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Handbook of Work Stress
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Handbook of Work Stress

Edited by:

September 2004 | 720 pages | SAGE Publications, Inc

Questions about the causes or sources of work stress have been the subject of considerable research, as well as public fascination, for several decades.  Earlier interest in this issue focused on the question of whether some jobs are simply more inherently stressful than others.  Other questions that soon emerged asked whether some individuals were more prone to stress than others.  The Handbook of Work Stress focuses primarily on identifying the different sources of work stress across different contexts and individuals. 

Part I focuses on work stressors that have been studied for decades (e.g., organizational-role stressors, work schedules) as well as stressors that have received less empirical and public scrutiny (e.g., industrial-relations stress, organizational politics).  It also addresses stressors in the workplace that have become relevant more recently (e.g., terrorism).

Part II of the Handbook covers issues related to gender, cultural or national origin, older and younger workers, and employment status, and asks how these characteristics might affect the experience of workplace stress.

The adverse consequences of these diverse work stressors are manifold, and questions about the possible health consequences of work stressors were one of the major historical factors prompting early interest and research on work stress. In Part III, the individual and organizational consequences of work stress are considered in separate chapters.

Key Features:

  • Affords the most broad and credible perspective on the subject of work stress available
  • The editors are all prominent researchers in the field of work stress, and have been instrumental in defining and developing the field from an organizational-psychological and organizational-behavior perspective
  • International contributors are included, reflecting similarities and differences from around the world
  • Chapter authors from the United States, Canada, England, Sweden, Japan, and Australia have been invited to participate, reflecting most of the countries in which active research on work stress is taking place
     

The Handbook of Work Stress is essential reading for researchers in the fields of industrial and organizational psychology, human resources, health psychology, public health, and employee assistance.

 
 

 
SECTION I: SOURCES OF WORK STRESS
 
1. Editors' Overview
Terry A Beehr and Sharon Glazer
2. Organizational Role Stress
Peter Totterdell
3. Work Schedules
Russell Cropanzano, Barry Goldman, and Lehman Benson, III
4. Organizational Justice
E. Kevin Kelloway, Niro Sivanathan, Lori Francis, and Julian Barling
5. Poor Leadership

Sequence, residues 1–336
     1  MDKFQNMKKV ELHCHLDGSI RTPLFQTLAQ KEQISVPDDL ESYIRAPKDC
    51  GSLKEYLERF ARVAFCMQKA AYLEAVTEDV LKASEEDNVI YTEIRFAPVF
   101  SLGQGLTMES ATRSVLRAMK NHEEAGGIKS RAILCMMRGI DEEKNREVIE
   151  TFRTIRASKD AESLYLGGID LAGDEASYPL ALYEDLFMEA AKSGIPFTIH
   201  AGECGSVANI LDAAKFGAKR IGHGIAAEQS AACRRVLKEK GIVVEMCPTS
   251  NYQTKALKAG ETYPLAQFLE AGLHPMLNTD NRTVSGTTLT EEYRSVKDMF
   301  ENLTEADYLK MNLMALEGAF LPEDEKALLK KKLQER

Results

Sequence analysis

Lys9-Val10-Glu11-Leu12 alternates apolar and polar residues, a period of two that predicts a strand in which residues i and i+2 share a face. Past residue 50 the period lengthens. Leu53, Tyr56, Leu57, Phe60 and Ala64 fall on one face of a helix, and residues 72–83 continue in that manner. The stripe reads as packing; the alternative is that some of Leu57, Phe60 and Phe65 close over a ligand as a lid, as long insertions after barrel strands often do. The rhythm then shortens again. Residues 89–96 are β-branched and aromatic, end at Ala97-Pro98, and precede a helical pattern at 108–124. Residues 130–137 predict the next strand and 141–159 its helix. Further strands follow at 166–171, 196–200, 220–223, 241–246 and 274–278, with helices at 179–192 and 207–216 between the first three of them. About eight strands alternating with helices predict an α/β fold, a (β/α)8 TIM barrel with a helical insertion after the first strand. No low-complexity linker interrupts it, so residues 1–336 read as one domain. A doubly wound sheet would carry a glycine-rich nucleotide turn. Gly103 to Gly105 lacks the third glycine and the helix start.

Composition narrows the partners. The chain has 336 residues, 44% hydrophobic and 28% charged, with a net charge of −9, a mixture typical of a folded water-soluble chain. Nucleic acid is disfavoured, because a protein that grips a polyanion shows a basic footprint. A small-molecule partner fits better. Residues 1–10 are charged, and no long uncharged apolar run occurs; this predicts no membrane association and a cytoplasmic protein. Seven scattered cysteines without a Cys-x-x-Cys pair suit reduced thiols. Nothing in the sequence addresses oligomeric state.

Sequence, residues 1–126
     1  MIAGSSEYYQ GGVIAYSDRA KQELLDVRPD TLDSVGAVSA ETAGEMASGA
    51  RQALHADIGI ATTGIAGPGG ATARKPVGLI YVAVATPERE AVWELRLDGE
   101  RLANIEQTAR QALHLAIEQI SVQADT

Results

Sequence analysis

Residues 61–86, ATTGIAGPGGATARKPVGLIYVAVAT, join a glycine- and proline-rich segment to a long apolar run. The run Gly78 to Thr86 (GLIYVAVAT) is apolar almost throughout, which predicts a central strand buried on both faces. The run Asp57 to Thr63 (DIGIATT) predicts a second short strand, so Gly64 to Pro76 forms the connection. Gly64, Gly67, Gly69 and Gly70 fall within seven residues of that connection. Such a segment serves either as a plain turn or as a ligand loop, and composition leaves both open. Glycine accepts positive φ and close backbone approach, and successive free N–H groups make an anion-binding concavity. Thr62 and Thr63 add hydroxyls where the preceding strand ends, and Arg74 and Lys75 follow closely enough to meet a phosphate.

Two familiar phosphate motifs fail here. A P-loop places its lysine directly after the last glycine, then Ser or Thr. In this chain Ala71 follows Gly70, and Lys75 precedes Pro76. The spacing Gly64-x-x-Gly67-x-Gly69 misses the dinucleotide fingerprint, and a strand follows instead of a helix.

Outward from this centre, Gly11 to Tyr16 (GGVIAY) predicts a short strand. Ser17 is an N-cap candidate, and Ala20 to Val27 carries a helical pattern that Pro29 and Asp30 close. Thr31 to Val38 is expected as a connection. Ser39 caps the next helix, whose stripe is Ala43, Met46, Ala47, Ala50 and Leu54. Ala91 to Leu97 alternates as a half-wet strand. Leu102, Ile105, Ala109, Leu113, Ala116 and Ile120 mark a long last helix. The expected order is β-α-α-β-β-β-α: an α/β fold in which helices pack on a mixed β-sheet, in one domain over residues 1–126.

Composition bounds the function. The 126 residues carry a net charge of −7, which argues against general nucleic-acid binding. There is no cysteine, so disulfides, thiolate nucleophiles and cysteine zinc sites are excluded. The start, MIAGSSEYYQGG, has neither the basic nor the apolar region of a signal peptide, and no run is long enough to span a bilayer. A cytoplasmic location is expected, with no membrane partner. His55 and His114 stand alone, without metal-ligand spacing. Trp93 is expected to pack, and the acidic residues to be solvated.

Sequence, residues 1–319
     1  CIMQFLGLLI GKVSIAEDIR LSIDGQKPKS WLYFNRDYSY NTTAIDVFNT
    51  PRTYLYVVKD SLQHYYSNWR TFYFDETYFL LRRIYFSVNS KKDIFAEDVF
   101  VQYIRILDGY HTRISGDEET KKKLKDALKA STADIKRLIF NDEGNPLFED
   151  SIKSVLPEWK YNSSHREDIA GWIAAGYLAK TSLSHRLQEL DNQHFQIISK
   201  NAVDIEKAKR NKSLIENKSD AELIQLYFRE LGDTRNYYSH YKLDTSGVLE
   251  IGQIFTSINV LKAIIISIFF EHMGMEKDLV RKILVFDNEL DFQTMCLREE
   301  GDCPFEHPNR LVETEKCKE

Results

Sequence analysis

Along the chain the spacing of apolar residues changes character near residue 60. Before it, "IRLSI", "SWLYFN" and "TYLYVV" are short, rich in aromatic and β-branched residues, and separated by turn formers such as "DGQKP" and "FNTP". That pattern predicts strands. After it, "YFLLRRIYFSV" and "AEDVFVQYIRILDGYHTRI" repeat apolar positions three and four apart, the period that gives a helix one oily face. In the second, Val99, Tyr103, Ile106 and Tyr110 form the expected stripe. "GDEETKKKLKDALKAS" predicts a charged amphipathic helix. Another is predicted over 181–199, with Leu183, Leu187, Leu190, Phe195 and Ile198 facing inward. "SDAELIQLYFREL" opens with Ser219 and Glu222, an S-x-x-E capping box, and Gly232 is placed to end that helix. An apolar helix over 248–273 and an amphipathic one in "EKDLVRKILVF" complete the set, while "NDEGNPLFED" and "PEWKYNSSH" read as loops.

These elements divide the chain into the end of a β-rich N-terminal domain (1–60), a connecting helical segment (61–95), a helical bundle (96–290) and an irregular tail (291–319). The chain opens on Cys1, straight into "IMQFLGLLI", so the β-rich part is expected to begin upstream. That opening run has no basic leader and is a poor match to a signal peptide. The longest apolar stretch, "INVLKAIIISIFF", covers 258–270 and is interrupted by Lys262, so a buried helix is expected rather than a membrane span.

Gina Bellavia and Michael R. Frone
6. Work-Family Conflict
Kathleen M. Rospenda and Judith A. Richman
7. Harassment and Discrimination
Aaron C.H. Schat and E. Kevin Kelloway
8. Workplace Aggression
Janetta Mitchell McCoy and Gary W. Evans
9. Physical Work Environment
Leanne Barlow and Roderick D. Iverson
10. Workplace Safety
Tahira M. Probst
11. Economic Stressors
Michael D. Coovert, Lori Foster Thompson, and J. Philip Craiger
12. Technology
Lori Francis and E. Kevin Kelloway
13. Industrial Relations
Ken Harris and K. Michele Kacmar
14. Organizational Politics
Michelle Inness and Julian Barling
15. Terrorism
 
SECTION II: SPECIAL POPULATIONS
 
16. Editors' overview
Catherine Loughlin and Katherine Lang
17. Young Workers
Janet L. Barnes-Farrell
18. Older Workers
Serge Desmarais and Christine Alksnis
19. Gender Issues
Cong Liu and Paul Spector
20 International and Cross- Cultural Issues
Daniel G. Gallagher
21. Part-time and Contract Employment
 
SECTION III: CONSEQUENCES OF WORK STRESS
 
22. Editors' overview
Peter Warr
23. Work, Well-being and Mental Health
Steve M. Jex and Craig D. Crossley
24. Organizational Consequences
 
SECTION IV: INTERVENTIONS
 
25. Editor's overview
Susan Cartwright and Cary Cooper
26. Individually Targeted Interventions
Joseph J. Hurrell Jr.
27. Organizational Stress Interventions
Key features
  • Reflects the tremendous focus on the issue of work stress in both the academic literature and the popular press on a subject which is widely believed to affect organizational and individual well-being; and research results support this view.
  • Affords the most broad and credible perspective on the subject of work stress available. The Editors are all prominent researchers in the field of work stress, and have been instrumental in defining and developing the field from an organizational psychology and organizational behavior perspective.
  • International contributors are included, reflecting similarities and differences from around the world. Chapter authors from the United States, Canada, England, Sweden, Japan and Australia, reflecting most of the countries in which active research on work stress is taking place have been invited to participate.